Clinical vs. Counselling Psychology

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spoony2799
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I am beginning to look at what path to pursue after my undergrad degree (I'm doing BSc Psychology). I would like to go into the mental health assessment/therapy side of psychology. I'm confused what the difference is between clinical and counselling psychology. I have tried to google in but the difference has not been made very clear.

Can anyone advise what the difference is between the two please and what potential pros/cons there are of each. Thank you
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wastedcuriosity
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So I did some research and by the looks of it, clinical psychologists work with people with more serious mental health issues, like psychosis whilst counsellors work with more mentally healthy people, people suffering with anxiety, depression etc. I think clinical psychologists also more often work in the NHS, hospitals etc while counsellors often have their own businesses, work in schools, unis and the NHS sometimes too.

I'm pretty sure a career in clinical psychology requires more training than one in counselling - not sure you even need a degree to be a counsellor (could be wrong though, but I think it's just a training course). Clinical psychology is also very competitive I've been told
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Sophie9600
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Hello!

So Clinical Psychologists are responsible for the assessment, diagnosis and treatment of behavioural issues and mental health disorders, often will work in NHS/Private health. Counsellors typically will work privately in education, businesses, etc and will provide a certain type of therapy/counselling for a variety of issues e.g. anxiety, marital problems, etc.

To become a clinical psychologist is takes AGES, like at the very least 7 years study. You will need buckets of experience (like years and possibly published research), a masters degree and a Doctorate. This is achievable but you need to be sure its what exactly you want as its incredibly competitive to get into. If you're interested predominately in treating individuals via therapy for less severe mental health issues, counselling is probably the best route to go. What is required depends on what area you're working in and who is employing you. Many will do PGD/PGC's. My friend is doing the counselling route, she has gained employment at at private counselling business and is completing a PGC in counselling at Uni.

I am interested in Clinical Psychology, partially assessment/interventions, so I am about to start my Masters in Clinical Health Psychology whilst volunteering as a Counsellor.

Hope that helps!
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s144177
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Sorry if this is not relevant to your question. But, I'm doing my A-levels and I'm considering clinical psychology. How was your psychology undergraduate like? Is it a lot harder that A-levels?
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Sophie9600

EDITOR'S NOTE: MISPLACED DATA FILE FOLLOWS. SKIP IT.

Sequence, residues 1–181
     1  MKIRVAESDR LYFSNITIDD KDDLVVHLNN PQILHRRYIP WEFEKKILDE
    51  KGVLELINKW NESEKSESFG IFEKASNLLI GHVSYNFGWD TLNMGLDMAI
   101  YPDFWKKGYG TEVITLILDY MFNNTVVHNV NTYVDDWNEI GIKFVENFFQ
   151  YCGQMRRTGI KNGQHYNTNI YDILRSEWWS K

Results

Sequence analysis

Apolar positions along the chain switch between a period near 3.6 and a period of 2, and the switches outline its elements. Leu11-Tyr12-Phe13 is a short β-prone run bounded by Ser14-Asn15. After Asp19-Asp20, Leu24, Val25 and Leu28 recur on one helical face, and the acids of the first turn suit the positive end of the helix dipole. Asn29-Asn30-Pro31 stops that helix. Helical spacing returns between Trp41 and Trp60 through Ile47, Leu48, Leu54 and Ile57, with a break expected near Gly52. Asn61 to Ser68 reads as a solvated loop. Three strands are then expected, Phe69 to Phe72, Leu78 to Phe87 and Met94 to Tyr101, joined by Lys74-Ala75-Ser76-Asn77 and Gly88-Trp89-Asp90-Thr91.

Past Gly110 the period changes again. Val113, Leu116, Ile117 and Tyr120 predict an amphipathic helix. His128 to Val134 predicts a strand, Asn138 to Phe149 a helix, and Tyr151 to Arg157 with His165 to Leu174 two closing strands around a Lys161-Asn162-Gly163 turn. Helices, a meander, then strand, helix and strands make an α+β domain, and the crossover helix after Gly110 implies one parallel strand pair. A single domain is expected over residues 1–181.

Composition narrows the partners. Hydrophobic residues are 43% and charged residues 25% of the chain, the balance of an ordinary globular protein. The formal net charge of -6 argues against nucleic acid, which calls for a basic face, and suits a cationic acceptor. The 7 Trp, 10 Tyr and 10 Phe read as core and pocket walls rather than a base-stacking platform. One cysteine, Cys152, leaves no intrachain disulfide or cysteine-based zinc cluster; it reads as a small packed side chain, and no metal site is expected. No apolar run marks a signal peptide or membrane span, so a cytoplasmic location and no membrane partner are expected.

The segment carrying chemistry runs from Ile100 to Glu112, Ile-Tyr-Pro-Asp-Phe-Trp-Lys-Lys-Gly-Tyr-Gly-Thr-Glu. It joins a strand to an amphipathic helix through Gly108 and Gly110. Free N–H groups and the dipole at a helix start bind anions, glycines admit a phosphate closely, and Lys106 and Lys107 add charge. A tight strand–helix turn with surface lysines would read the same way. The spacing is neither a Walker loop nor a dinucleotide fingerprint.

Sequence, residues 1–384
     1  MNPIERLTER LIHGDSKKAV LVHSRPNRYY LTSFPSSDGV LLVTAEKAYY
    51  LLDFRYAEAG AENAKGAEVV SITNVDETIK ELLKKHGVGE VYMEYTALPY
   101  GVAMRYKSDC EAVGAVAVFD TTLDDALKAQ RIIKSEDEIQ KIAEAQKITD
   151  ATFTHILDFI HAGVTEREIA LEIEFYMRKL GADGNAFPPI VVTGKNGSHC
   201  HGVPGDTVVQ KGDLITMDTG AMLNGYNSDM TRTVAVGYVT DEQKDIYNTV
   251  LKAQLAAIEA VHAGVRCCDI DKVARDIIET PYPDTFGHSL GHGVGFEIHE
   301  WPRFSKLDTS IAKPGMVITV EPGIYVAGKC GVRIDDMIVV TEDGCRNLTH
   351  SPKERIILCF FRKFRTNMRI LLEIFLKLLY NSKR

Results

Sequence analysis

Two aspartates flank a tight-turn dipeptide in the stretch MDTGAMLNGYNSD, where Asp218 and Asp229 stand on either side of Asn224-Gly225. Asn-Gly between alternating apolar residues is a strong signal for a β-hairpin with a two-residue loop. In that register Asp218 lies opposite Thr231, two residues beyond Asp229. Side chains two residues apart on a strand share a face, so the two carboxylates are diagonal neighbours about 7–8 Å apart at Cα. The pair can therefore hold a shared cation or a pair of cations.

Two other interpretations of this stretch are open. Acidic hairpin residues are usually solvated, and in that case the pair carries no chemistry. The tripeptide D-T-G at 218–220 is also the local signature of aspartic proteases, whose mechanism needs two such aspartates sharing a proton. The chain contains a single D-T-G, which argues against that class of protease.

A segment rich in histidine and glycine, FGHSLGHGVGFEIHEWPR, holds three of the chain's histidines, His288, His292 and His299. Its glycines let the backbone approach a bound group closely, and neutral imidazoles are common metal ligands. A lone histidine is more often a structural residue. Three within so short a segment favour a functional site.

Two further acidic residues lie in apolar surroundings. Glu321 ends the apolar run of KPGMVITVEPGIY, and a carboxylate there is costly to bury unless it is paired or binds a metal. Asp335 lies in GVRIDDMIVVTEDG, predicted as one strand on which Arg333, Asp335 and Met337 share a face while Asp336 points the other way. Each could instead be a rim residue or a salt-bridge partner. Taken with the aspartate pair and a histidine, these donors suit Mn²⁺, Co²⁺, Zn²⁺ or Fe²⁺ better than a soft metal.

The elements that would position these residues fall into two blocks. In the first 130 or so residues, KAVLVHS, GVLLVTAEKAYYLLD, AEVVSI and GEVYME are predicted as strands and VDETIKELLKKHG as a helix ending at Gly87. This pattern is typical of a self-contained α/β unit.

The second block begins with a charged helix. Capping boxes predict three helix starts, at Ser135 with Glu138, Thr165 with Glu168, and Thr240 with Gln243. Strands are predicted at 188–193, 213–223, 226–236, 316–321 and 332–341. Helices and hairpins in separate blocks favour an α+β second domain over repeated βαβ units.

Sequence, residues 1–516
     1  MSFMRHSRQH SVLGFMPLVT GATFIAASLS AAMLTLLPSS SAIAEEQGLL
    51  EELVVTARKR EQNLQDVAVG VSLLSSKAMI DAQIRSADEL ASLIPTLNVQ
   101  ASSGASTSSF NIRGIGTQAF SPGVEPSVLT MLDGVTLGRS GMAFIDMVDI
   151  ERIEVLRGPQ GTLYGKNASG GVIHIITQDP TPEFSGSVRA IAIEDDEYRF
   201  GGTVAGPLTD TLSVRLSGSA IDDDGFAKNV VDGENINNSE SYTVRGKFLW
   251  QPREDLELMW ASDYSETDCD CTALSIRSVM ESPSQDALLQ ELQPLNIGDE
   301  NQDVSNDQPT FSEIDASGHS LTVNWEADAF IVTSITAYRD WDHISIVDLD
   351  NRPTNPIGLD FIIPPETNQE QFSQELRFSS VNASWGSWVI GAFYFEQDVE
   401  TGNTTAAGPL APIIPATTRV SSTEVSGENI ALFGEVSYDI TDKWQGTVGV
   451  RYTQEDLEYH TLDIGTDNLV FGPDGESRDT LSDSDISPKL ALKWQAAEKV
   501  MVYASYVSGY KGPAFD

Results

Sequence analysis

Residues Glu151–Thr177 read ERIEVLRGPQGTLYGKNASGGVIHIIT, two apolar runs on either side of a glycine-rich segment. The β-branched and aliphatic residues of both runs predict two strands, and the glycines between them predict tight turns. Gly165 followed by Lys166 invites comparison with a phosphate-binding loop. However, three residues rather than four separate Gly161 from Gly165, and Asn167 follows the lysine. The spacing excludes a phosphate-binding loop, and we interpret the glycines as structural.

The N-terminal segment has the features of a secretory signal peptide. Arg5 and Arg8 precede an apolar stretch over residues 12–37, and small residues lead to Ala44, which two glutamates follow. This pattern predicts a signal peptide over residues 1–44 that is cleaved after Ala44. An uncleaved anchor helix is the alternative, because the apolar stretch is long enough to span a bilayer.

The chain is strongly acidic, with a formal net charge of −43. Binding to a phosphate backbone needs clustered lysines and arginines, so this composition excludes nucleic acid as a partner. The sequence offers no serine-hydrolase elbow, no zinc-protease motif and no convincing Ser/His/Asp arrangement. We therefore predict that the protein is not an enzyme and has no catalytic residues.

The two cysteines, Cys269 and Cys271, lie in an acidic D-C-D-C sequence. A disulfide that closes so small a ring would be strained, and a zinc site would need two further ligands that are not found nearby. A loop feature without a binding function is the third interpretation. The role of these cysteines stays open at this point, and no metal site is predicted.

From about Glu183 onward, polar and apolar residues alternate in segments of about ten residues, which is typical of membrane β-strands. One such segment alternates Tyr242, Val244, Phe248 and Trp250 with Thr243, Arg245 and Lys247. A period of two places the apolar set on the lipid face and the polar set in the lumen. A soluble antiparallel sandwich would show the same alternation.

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(Original post by s144177)
Sorry if this is not relevant to your question. But, I'm doing my A-levels and I'm considering clinical psychology. How was your psychology undergraduate like? Is it a lot harder that A-levels?
Generally I found the first year of most subjects at uni, including Psychology, to be the same sort of content as A-Level but with more topics. I found 1st year exams extremely easy as it consisted of short essay and multiple choice questions which was a lot easier than A-Level. The content and what is expected of you gets harder every year but obviously your knowledge and skills grow alongside that. For my year 3 and 4 exams (counted towards my degree) my exams were completely essay based (random topic from entire unit, i.e. perception, cognitive psychology, counselling etc) and you're expected to have vast and detailed knowledge of concepts with of recent studies to back up everything you say. It was challenging but if you have an interest in Psychology and you don't mind essays it's great.
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s144177
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(Original post by Sophie9600)
Generally I found the first year of most subjects at uni, including Psychology, to be the same sort of content as A-Level but with more topics. I found 1st year exams extremely easy as it consisted of short essay and multiple choice questions which was a lot easier than A-Level. The content and what is expected of you gets harder every year but obviously your knowledge and skills grow alongside that. For my year 3 and 4 exams (counted towards my degree) my exams were completely essay based (random topic from entire unit, i.e. perception, cognitive psychology, counselling etc) and you're expected to have vast and detailed knowledge of concepts with of recent studies to back up everything you say. It was challenging but if you have an interest in Psychology and you don't mind essays it's great.
Thank you that was really helpful.
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